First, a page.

Retailing | Naruto topped the May BookScan chart of graphic novels sold in bookstores, followed by two volumes of The Walking Dead, the latest volume of Sailor Moon, and Yen Press’ latest Twilight adaptation New Moon. Just three volumes total of The Walking Dead made the Top 20 (down from eight last month), and as usual, DC and Marvel got clobbered: DC had three titles on the list (two volumes of Court of Owls and Watchmen) while Marvel had one (Hawkeye), and none was above No. 15. Or to put it another way: Vol. 14 of Dance in the Vampire Bund, a high-numbered volume in a fairly niche manga series, placed higher than every Big Two book on BookScan last month. [ICv2]
Creators | With the second issue of their digital-only comic The Private Eye recently released, writer Brian K. Vaughan and artist Marcos Martin talk about their story, why they decided to do it digitally, and what the response has been so far. [The Verge]
Creators | Writer Nick Spencer discusses his plans for Marvel’s Superior Foes of Spider-Man. [Previews World]
Creators | Sean T. Collins talks to Simon Hanselmann, who posts his Megg and Mogg comics on his Tumblr, Girl Mountain, and is about to collect them in a graphic novel of the same name. [The Comics Journal]
Conventions | Craig Fischer and Ben Towle discuss their plans for a mega-panel on comics and music, featuring Peter Bagge, Ed Piskor, the creators of The Fifth Beatle, and a live musical performance, for this weekend’s HeroesCon. [The Comics Reporter]
Conventions | Music comes to the Olympia Comics Festival as well this weekend in the form of a stage show celebrating The Carter Family: Don’t Forget This Song; creators David Lasky and Frank M. Young are guests of the show, as is artist Carol Lay, who gives an interview about her work. [The Olympian]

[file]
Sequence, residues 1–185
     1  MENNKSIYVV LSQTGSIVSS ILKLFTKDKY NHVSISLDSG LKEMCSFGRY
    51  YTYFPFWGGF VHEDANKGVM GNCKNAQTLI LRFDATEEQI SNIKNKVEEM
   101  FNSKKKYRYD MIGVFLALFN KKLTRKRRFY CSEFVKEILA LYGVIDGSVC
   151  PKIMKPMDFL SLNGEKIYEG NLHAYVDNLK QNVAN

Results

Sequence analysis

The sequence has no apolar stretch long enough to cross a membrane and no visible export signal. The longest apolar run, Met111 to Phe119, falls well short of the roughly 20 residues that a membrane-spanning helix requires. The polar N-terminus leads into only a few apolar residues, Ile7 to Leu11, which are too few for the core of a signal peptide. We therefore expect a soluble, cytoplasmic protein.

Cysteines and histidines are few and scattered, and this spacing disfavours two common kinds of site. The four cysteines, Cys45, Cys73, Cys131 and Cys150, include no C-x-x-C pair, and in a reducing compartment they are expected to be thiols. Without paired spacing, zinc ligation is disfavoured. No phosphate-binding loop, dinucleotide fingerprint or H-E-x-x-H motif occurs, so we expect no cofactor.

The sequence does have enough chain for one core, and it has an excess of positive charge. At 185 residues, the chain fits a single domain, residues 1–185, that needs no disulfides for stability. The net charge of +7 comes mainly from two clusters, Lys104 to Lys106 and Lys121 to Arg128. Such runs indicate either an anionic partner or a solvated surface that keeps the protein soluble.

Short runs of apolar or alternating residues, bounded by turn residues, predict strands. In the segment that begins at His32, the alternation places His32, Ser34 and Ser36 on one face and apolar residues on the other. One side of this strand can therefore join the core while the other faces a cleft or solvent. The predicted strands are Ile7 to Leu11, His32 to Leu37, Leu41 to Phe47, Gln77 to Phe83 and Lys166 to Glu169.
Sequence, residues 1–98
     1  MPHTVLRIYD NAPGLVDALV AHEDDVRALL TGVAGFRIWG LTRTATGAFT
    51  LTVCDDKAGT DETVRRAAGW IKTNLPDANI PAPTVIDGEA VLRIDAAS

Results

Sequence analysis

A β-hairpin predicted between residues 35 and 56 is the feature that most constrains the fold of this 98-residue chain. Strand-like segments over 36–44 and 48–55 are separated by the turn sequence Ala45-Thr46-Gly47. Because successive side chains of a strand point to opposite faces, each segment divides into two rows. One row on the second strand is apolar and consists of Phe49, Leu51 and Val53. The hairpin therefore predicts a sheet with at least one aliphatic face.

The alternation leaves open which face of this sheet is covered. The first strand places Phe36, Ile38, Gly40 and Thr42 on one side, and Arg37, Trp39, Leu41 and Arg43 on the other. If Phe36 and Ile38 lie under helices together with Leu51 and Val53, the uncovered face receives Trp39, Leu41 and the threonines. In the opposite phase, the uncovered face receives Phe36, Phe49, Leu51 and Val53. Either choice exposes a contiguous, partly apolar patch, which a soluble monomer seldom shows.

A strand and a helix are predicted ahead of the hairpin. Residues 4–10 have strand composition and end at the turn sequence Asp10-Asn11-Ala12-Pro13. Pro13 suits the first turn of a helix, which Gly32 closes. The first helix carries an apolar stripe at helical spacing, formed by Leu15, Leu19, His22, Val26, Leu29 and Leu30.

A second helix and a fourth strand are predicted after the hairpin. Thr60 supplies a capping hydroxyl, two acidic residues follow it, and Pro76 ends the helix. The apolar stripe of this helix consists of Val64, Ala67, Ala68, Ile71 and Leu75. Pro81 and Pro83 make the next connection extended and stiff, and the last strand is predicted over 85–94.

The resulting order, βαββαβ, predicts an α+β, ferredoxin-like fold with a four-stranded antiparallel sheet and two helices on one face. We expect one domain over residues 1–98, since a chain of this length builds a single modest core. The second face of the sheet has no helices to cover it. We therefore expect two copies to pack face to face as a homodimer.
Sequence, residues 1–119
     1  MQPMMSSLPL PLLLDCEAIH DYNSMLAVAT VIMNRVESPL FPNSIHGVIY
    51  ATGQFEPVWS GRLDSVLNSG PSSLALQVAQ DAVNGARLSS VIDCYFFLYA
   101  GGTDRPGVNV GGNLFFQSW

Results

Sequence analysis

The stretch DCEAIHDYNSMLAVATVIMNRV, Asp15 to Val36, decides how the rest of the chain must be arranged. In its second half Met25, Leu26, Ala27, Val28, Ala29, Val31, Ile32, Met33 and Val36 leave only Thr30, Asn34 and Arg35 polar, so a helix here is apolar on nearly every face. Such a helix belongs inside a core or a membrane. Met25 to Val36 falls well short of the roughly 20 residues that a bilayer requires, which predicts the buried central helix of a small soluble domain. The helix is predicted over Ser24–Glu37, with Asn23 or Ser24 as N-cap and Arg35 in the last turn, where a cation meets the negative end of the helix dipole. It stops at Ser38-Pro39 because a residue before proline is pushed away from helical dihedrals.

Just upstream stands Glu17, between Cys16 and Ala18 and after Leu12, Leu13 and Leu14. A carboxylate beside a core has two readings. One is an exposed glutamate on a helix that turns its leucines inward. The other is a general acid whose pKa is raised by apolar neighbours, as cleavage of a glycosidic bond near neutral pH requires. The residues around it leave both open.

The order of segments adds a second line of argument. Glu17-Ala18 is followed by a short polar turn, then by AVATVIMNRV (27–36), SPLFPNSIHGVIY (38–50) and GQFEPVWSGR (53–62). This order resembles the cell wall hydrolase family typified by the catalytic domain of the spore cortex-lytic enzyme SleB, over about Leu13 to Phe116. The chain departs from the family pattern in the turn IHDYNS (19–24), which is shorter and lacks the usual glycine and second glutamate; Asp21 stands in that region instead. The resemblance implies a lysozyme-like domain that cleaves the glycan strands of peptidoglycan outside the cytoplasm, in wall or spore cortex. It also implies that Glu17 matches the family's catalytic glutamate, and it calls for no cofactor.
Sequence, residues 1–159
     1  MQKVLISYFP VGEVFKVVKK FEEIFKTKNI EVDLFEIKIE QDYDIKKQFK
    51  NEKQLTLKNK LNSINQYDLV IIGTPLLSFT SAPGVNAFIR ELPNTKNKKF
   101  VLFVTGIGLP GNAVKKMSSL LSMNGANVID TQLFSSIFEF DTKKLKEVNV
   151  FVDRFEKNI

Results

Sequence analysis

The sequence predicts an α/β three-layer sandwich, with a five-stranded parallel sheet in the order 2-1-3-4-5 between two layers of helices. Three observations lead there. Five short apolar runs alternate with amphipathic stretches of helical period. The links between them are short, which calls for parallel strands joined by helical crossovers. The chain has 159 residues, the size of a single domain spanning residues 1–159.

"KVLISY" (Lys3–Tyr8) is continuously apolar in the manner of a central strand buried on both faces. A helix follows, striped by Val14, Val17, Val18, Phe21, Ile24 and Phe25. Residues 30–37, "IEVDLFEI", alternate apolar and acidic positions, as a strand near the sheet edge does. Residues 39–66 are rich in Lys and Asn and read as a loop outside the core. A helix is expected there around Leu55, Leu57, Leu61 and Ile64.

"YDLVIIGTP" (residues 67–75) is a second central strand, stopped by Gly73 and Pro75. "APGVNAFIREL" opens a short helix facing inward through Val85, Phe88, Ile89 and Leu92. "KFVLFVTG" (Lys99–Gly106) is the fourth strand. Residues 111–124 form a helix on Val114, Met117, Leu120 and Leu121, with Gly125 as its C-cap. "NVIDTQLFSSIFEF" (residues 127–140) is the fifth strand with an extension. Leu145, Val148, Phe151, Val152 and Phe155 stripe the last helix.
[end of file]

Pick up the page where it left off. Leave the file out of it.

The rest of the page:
Conventions | James Bacon files his con report from the 2D Comics Festival in Derry, Northern Ireland. [Forbidden Planet]
Comics | As Egypt continues to go through political turmoil, the online comic Asa7be Sarcasm Society, which is posted on Facebook, gives people something to laugh about, deals out criticism liberally to all political parties, and also takes on important issues like sexual harassment. And, in the grand tradition of all comics everywhere, gets criticized for using colloquial language, to which co-creator Shady Sedky replies, “The idea came from wanting to express people’s opinion from the street, and we aim to reach the youth through comedy. We have a message and we’re not laughing at the people on the microbus, but we want to express their opinion and what they think around the world. They are the majority of the people in Egypt, so we should express their opinion.” [Al-Monitor]
Political cartoons | Here’s an interesting article on the history of satirical comics magazines in Turkey, which have criticizing the government, and getting in trouble for it since the days of the Ottoman Empire. [Freeword]
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